Social network to “better align” its investments — which means less focus on news
Meta today announced that it will be pulling the plug on Facebook News in the U.K., Germany, and France starting in early December.
The social networking giant said it was part of its “ongoing effort to better align our investments to our products and services people value the most.”
Facebook News, for the uninitiated, is a curated news section for publishers introduced by Meta back in 2019, existing in its own dedicated tab within the main Facebook interface. It was first introduced in its domestic U.S. market, before going international starting with the U.K., Germany, Australia and France. The company had planned to bring the service to Brazil and India, but it seems those launches never fully materialized.
Facebook News surfaces local and international news relevant to each market. In its original guise, suggested articles were determined algorithmically, with a separate “top stories” section curated by humans. But as of last year, Meta revealed it was making the entire section algorithmic.
Today’s announcement is pretty much consistent with Meta’s efforts elsewhere in the online news realm. While sharing news has been a major part of Facebook almost since its inception, it’s clear that it has been deprioritizing it in recent years for a multitude of reasons. This includes the divisive nature of certain stories, particularly those of a political nature, leading the company to transition more toward the so-called creator economy. Part of this also entailed renaming its news feed as “feed” last year.
However, the bigger picture here is that there has been a broader industrial and legislative pushback against the role that social networks play in distributing news. This led to new legislation in countries such as Australia, which stipulates that online platforms should compensate publishers for their content — a move that seems to have worked as the big tech companies subsequently negotiated deals with many publishers.
More recently, Canada passed similar legislation as part of its Online News Act, though this in fact spurred Meta to start blocking Canadians’ access to stories from news publishers. This led some to question why Meta couldn’t reach similar deals with Canadian outlets as it did in Australia, while Canadian Prime Minister Justin Trudeau lambasted Facebook for its actions.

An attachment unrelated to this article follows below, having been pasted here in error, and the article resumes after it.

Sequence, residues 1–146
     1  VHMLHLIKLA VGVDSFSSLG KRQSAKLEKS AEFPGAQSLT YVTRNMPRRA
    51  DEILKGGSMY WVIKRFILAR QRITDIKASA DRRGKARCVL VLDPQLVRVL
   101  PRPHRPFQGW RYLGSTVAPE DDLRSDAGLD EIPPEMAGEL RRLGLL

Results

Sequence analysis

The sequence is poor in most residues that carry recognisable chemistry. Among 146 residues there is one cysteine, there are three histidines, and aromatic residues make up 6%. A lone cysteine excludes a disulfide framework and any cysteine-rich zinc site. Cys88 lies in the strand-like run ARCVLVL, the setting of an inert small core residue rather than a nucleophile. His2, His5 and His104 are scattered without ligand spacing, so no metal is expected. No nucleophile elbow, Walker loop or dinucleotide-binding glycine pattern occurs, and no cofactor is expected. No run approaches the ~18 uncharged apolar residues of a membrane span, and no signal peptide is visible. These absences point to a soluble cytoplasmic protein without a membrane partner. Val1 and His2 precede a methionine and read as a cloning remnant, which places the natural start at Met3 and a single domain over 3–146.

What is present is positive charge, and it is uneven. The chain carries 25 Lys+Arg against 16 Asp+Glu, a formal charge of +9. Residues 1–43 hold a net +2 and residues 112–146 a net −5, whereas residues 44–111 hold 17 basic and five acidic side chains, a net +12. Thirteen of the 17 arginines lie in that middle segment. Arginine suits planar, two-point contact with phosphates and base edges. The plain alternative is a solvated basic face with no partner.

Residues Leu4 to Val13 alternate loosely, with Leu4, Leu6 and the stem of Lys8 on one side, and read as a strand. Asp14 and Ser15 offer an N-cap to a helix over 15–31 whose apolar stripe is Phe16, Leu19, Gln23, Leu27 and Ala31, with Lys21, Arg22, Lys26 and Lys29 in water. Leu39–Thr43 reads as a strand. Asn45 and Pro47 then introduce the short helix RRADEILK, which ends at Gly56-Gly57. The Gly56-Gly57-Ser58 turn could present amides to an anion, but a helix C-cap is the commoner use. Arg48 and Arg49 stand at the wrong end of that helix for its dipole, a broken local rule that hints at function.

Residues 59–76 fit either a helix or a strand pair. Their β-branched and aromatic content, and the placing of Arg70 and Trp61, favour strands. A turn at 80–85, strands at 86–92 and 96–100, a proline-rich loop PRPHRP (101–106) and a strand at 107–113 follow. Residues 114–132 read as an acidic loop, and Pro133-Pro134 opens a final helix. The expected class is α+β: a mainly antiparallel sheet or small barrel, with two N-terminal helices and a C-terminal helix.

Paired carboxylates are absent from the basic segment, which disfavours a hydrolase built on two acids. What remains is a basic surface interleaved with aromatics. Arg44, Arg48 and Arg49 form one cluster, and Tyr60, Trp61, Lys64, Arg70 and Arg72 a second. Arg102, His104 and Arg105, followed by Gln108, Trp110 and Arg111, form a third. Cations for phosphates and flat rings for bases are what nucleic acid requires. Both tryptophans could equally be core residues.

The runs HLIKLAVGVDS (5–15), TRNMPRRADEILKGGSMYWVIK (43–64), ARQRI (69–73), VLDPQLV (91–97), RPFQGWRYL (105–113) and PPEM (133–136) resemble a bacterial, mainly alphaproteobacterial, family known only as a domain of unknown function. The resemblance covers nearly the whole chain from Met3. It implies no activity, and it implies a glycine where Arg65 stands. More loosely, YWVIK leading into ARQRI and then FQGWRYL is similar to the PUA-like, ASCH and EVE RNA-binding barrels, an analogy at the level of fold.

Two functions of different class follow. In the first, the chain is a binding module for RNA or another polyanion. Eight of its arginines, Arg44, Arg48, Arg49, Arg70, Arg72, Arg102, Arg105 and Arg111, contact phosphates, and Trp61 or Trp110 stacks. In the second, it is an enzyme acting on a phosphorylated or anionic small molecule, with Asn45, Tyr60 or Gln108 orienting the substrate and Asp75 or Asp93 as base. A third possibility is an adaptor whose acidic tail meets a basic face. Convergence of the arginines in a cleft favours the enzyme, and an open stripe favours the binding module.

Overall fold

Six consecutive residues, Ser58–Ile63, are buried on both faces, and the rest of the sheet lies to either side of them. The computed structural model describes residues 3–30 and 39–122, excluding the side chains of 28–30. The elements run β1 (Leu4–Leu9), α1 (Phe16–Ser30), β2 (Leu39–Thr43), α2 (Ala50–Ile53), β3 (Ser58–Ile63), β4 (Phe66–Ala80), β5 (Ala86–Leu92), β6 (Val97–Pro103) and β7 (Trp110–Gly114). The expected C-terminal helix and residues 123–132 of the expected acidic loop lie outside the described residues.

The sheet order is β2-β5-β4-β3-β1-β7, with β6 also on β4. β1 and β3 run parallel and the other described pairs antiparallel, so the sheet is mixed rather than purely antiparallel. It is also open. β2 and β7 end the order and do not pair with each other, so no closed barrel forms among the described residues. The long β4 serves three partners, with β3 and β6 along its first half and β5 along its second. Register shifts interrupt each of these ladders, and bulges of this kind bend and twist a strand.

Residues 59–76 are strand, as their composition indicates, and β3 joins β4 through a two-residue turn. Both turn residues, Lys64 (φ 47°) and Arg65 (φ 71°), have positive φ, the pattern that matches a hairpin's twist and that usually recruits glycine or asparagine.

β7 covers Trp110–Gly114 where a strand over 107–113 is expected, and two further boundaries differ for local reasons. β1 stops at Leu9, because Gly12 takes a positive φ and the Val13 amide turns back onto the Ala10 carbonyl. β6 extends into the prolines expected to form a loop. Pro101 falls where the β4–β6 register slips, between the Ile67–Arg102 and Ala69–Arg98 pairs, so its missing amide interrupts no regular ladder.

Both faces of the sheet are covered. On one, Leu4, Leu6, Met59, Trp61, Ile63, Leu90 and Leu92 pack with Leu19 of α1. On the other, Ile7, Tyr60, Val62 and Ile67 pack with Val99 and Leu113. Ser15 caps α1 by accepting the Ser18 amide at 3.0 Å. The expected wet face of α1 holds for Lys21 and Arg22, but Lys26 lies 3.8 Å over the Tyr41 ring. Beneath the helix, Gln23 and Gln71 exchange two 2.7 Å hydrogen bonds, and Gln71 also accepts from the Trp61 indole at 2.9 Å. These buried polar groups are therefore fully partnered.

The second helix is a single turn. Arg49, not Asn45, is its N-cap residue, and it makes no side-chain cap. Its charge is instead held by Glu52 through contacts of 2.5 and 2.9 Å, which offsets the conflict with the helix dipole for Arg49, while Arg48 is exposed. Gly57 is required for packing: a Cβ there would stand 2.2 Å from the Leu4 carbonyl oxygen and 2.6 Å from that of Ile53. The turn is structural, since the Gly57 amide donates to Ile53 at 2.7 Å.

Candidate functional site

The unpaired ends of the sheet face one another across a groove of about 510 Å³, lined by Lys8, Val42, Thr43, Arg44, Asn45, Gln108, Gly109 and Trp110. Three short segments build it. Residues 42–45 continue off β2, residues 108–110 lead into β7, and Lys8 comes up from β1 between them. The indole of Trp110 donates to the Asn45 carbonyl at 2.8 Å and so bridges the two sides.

Elsewhere, similar mandates are working their way through their various legal channels, including the U.S.
In Europe, meanwhile, the EU Copyright Directive has also led Meta and Google to sign various licensing deals in the past couple of years.
More broadly, publishers across the spectrum have reported a drop in referral traffic from Facebook in recent months, confirming that Meta’s long-stated mission to move away from news. Indeed, the company has previously stated that news constitutes less than 3% of the content people see in their feed, a figure it stuck to with today’s announcement on Facebook News in Europe.
“We know that people don’t come to Facebook for news and political content -– they come to connect with people and discover new opportunities, passions and interests,” the company wrote.
With the U.K., Germany, and France, Meta is quick to stress that it’s not blocking links to articles or publishers’ pages — it’s merely getting rid of the dedicated News tab.
“European news publishers will continue to have access to their Facebook accounts and Pages, where they can post links to their stories and direct people to their websites in the way any other individual or organization can,” the company said.
But if there was any lingering doubt as to Meta’s future plans for news publishers, it seems to have addressed that by stating it does “not expect to offer new Facebook products specifically for news publishers in the future.”